Built as a unique melee combat game where players can create their own combos by mixing and matching attacks to create their own flow, Absolver succeeds in creating an enjoyable combat system. With plenty of attack options available, the combat is most certainly the biggest highlight of Absolver, but unfortunately it’s the only thing memorable about it.
Absolver starts with you creating your own fighter. The character creator leaves a lot to be desired. The simple character creator allows you to choose from a few hair styles, your starting fighting style out of the three available, and gender type. As each Absolver wears a mask, there really isn’t any way to make your character completely unique.
Absolver doesn’t really have much of a cohesive storyline. After being selected from a lineup of other students, my created character was giving a mask and sent out into the world to defeat some other Absolvers who have apparently gone rogue. That’s at least what I was able to deduce from the story as there isn’t much narrative to help move it along.
The best way I can explain how Absolver is structured is to look at a Souls game. After the initial opening cutscene, your warrior is thrown into a desolate world left in ruin. Why was this world in this state? I have no idea. Once in the world you can take whichever path you choose to hunt down the unique warriors you need to defeat. As much as I enjoy having that freedom to go and explore the world at my leisure, I wish it had a little more structure; I’ll explain that a little later.
The meat of Absolver comes in its combat. One of the coolest aspects of the game is going in and creating your own combos to best suit your playstyle. Your warrior has four different stances that you can switch between on the fly or mix up your combos to have them switch stances in the middle of your combos.Each stance can have up to three combo moves giving you a total of twelve. I should also mention the plethora of moves for you to learn which can be equipped as your first second or third attack. All in all Absolver has an very impressive amount attacks which allows for a lot of experimentation. It’s not just hand-to-hand combat though, as you can also equip swords and gauntlets to help you out. Further into the game you are able to join schools that will teach you new abilities as well as learning a new fighting style which adds even more diversity and variety to the combat.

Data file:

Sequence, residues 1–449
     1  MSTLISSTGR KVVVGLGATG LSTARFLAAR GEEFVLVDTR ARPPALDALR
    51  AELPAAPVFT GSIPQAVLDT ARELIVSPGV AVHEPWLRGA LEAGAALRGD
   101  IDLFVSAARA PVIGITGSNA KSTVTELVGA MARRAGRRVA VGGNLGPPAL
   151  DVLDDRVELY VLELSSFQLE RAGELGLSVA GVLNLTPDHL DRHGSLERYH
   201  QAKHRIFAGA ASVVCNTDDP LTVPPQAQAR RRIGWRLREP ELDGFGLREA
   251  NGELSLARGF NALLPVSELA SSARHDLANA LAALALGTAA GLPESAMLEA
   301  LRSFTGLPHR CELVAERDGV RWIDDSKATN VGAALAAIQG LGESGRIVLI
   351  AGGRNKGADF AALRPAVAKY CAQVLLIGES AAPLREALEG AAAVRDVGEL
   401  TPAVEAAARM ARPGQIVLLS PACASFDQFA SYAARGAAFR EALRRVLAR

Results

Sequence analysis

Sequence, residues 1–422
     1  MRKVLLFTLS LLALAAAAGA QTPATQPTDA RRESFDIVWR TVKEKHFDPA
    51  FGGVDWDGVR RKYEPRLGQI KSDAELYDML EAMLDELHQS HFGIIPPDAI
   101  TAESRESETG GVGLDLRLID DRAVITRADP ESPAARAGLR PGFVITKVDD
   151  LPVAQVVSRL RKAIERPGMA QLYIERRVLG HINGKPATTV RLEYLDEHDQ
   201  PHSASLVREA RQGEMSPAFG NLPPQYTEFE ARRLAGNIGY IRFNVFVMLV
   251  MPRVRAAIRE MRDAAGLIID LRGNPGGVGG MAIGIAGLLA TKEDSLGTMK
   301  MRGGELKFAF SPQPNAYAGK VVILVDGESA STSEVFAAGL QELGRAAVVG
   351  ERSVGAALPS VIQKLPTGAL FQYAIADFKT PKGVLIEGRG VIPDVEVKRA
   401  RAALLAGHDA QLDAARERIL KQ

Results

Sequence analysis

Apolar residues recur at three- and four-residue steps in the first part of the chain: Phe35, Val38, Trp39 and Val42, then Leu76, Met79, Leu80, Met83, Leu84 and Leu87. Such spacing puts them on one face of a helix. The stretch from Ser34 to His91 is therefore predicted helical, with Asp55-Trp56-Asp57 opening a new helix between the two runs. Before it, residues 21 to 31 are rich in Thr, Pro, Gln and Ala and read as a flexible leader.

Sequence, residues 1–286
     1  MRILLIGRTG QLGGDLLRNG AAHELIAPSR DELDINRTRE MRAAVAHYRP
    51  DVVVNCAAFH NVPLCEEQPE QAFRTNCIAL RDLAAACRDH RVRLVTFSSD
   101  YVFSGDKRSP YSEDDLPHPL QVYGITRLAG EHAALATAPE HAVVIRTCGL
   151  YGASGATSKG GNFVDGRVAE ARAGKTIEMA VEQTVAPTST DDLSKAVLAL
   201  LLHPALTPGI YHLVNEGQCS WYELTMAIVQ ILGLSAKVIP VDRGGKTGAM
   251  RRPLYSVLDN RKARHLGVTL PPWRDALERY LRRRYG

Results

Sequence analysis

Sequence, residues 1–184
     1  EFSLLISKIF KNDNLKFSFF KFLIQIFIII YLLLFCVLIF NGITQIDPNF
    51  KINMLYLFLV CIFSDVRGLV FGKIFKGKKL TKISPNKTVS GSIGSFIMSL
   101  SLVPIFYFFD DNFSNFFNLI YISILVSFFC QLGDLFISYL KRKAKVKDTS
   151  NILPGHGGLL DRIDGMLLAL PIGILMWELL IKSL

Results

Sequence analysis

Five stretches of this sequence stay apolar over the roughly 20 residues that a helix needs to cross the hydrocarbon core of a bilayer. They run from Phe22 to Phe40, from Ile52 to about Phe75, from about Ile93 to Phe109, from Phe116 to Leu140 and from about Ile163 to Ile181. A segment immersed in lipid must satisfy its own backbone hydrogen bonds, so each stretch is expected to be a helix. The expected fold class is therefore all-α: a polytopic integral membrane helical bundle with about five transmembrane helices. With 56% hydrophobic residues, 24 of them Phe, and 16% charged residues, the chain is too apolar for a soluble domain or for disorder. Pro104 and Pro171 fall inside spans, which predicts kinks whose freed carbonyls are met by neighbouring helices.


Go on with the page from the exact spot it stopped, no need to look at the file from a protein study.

As you increase your skills and learn new attacks and abilities, Absolver quickly grows with you. Every enemy you defeat nets you experience points, which after you level up can be used to increase one of your stats like strength and stamina. You also gain equipment loot from fallen foes to equip to your character which also customizes their look.
While the combat is quite addictive and entertaining, it’s not perfect. Remember when I said I wish there was more structure to Absolver? Well, it mostly comes down to knowing how to play the game. Sure you can look at tips to teach you what specific things do but what they don’t tell you is how to learn new attacks. As you fight and defeat your enemies you see icons appear next to your character with attacks that are building up experience before they are mastered.
As I played through Absolver I was building my experience to learn these attacks pretty slowly and it was driving me crazy. What I learned after about six hours into the game is that in order to learn more attacks you have to block unlearned attacks to build your mastery of it before you unlock and use it in your arsenal. If you are defeated during combat all the experience you have obtained of new attacks you lose, meaning you have to win your fight in order to learn the moves you spent most of the fight blocking against. Believe me when I tell you I learned this from an NPC, and something I would have learned much sooner if I had taken the path to this NPC to start with. This goes for almost everything in Absolver as nothing of real importance was explained to me after I started the game.